The US assault on Taliban and Al Qaeda targets in Afghanistan is on course and will proceed "on the timeline which is satisfying to us," its commander insisted. In a visit to the President of Uzbekistan, Islam Karimov (above, r.), Gen. Tommy Franks responded to reports of official frustration with the war's progress and to opposition Northern Alliance complaints of too little US help, saying "Our purpose is to satisfy ourselves that each group we cooperate with has shared interests with us." (Story, page 6.)

Amid negative press coverage of the counterterrorism war and release of a new opinion poll showing a sharp drop in British support for it, Prime Minister Tony Blair made an emotional appeal "never [to] forget why we are doing this." He told the Welsh Parliament that evidence linking Osama bin Laden to the Sept. 11 terrorist attacks in the US has become "a flood." Blair has been the US's staunchest ally in the campaign. But the main headline in Sunday's London Mirror called the war "a fraud," and the poll found backing among Britons has slid from 74 percent to 62 percent.

With Israel rejecting new US pressure to pull its troops out of positions around Palestinian towns in the West Bank, published reports said Foreign Minister Shimon Peres was preparing an "independent" initiative to try to break the deadlock between the two sides. Analysts suggested the move was a new sign of possible division in the Israeli government. Peres's plan, to be offered at a weekend meeting with Palestinian leader Yasser Arafat, reportedly calls for a military withdrawal from - and dismantling of Jewish settlements in - the Gaza Strip. Prime Minister Ariel Sharon is on record as opposing both ideas. (Story, page 1.)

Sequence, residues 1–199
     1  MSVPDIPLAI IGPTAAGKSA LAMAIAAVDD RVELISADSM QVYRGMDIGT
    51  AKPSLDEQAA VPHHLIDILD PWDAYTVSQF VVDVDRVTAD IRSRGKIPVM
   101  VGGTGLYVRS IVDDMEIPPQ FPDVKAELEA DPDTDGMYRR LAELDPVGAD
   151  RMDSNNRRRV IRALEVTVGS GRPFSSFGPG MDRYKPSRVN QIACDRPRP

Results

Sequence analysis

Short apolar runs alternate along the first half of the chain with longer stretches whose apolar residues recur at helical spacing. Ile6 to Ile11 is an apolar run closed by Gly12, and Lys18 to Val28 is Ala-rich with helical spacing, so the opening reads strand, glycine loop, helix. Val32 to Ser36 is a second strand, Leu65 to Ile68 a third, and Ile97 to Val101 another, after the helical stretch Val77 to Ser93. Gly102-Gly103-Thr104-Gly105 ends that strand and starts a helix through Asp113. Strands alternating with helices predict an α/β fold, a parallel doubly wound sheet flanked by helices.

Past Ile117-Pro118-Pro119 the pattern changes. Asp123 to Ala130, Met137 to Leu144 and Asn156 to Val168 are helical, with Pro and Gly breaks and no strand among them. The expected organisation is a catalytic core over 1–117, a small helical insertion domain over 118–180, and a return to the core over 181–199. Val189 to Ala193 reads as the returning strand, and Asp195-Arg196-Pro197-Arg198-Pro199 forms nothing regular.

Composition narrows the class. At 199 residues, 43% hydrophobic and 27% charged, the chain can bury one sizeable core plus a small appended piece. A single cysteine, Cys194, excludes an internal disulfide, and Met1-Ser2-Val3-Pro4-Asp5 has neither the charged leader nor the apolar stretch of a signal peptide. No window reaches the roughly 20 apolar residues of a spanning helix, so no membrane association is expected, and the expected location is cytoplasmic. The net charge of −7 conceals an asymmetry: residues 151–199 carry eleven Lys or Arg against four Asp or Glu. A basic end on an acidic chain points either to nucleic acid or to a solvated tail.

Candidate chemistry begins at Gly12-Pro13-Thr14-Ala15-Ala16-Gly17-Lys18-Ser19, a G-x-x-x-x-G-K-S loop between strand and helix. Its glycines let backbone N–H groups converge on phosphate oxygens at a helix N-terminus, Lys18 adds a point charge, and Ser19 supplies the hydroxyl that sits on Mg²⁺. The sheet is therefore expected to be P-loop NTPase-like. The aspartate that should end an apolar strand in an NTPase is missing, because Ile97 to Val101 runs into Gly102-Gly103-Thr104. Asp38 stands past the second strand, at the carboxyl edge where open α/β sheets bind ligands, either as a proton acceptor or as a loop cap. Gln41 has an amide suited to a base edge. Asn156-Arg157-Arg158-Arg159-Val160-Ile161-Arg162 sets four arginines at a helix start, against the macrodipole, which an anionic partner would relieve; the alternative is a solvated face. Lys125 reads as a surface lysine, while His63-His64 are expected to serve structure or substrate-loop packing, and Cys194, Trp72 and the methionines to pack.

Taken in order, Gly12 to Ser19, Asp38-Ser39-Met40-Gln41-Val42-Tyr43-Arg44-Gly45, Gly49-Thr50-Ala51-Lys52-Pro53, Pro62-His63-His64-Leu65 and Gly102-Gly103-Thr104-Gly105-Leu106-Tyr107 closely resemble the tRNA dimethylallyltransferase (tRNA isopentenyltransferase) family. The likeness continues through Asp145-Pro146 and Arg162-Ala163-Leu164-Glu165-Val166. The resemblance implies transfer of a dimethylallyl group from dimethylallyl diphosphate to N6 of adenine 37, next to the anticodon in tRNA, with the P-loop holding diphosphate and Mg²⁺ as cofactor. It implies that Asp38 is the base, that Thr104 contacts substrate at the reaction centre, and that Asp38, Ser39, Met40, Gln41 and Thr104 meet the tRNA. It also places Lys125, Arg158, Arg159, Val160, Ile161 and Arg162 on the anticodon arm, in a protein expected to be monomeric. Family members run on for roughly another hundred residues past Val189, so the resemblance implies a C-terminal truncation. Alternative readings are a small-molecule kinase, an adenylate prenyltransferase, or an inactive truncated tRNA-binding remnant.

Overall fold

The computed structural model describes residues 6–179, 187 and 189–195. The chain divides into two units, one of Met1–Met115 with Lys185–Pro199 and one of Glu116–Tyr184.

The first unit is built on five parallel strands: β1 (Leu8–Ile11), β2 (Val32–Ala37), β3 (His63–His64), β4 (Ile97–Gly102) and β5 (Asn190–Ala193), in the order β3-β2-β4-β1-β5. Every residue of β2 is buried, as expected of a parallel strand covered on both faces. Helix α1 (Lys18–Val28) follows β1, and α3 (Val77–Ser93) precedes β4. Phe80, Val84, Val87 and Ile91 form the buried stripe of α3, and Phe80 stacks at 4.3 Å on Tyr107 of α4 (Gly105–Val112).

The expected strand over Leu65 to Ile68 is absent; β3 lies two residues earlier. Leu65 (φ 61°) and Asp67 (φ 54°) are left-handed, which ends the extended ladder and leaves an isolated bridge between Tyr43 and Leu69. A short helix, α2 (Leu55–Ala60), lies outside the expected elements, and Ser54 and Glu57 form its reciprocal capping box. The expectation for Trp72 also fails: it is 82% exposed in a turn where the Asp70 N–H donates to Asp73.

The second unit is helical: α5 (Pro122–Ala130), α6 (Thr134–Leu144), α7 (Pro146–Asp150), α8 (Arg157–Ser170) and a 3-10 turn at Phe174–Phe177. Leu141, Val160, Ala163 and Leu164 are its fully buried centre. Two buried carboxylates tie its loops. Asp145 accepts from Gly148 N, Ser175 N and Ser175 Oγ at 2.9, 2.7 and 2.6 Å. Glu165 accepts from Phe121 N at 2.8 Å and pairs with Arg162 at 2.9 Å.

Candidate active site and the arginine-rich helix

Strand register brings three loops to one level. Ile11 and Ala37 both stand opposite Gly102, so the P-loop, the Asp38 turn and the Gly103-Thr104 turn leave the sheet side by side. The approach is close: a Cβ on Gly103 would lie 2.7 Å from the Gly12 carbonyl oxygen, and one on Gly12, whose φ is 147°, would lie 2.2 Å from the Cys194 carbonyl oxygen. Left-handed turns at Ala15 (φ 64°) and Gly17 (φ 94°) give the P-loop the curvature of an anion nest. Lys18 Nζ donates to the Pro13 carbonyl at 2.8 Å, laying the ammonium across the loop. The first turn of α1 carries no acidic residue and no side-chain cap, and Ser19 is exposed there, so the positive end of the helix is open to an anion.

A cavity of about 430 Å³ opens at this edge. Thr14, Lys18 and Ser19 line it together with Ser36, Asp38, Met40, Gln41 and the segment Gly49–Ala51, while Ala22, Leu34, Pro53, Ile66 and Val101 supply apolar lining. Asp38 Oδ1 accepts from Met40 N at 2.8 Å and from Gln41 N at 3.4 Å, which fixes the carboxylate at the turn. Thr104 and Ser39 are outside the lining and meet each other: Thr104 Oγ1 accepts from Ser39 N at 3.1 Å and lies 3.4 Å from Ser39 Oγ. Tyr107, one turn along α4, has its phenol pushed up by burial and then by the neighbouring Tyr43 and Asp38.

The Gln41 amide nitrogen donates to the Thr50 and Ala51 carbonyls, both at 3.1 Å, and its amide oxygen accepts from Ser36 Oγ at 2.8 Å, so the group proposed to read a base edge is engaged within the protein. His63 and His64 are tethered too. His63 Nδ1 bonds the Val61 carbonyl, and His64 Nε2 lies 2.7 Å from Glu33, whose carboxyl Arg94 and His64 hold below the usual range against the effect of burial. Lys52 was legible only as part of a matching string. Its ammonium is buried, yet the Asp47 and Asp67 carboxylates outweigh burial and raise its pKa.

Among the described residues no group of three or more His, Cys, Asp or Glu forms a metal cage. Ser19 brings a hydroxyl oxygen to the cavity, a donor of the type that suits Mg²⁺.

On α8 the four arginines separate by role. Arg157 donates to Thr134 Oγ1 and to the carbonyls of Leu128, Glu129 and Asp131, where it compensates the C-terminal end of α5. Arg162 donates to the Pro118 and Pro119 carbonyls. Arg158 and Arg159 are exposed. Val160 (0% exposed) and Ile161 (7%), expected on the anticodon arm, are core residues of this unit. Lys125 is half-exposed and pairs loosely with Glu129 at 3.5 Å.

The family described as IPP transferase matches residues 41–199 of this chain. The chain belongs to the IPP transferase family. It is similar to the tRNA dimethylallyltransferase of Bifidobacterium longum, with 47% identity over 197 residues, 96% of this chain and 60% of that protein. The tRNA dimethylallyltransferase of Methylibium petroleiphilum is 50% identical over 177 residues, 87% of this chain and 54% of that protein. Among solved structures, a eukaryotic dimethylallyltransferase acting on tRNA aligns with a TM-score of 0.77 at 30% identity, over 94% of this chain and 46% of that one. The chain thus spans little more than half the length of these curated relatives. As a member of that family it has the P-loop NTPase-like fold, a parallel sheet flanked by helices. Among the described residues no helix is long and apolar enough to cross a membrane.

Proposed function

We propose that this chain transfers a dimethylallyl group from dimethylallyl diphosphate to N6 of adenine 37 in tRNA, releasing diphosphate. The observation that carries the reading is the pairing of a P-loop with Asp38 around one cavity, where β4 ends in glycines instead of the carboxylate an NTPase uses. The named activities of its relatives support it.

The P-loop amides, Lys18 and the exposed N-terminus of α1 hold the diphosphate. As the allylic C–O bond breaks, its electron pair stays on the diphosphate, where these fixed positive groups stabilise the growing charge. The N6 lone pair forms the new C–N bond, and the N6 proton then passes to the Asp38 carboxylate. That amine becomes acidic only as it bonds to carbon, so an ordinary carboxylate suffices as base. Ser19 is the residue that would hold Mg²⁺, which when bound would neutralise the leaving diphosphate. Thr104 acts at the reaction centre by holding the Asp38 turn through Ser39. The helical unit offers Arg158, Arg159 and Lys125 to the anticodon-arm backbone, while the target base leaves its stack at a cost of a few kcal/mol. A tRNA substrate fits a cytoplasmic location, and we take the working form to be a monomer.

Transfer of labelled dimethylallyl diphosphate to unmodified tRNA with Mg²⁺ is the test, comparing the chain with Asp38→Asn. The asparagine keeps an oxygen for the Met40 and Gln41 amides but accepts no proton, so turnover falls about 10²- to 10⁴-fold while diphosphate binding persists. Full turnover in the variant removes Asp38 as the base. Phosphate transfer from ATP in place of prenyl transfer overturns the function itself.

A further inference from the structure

The trial of former hard-line Yugoslav President Slobodan Milosevic was scheduled for next Feb. 12 by the UN war-crimes tribunal in The Hague. But for the second day in a row at a preparatory hearing, Milosevic showcased his defiance, ridiculing the charges against him as being "at the intellectual level of a retarded 7-year-old." He also warned that his trial for alleged offenses in the Kosovo, Croatia, and Bosnian conflicts of the 1990s could "incite terrorism" in the Balkans.

In the second suicide-bomb attack in two days, Tamil rebels rammed a small boat loaded with explosives into an oil tanker off Sri Lanka's northern coast. The latter was heavily damaged, and three members of an onboard security detail were missing. Meanwhile, reports said the number of deaths from Monday's apparent attempt to assassinate Prime Minister Ratnasiri Wickramanayake rose to five, and police warned of more such efforts as the Dec. 5 national election approaches.

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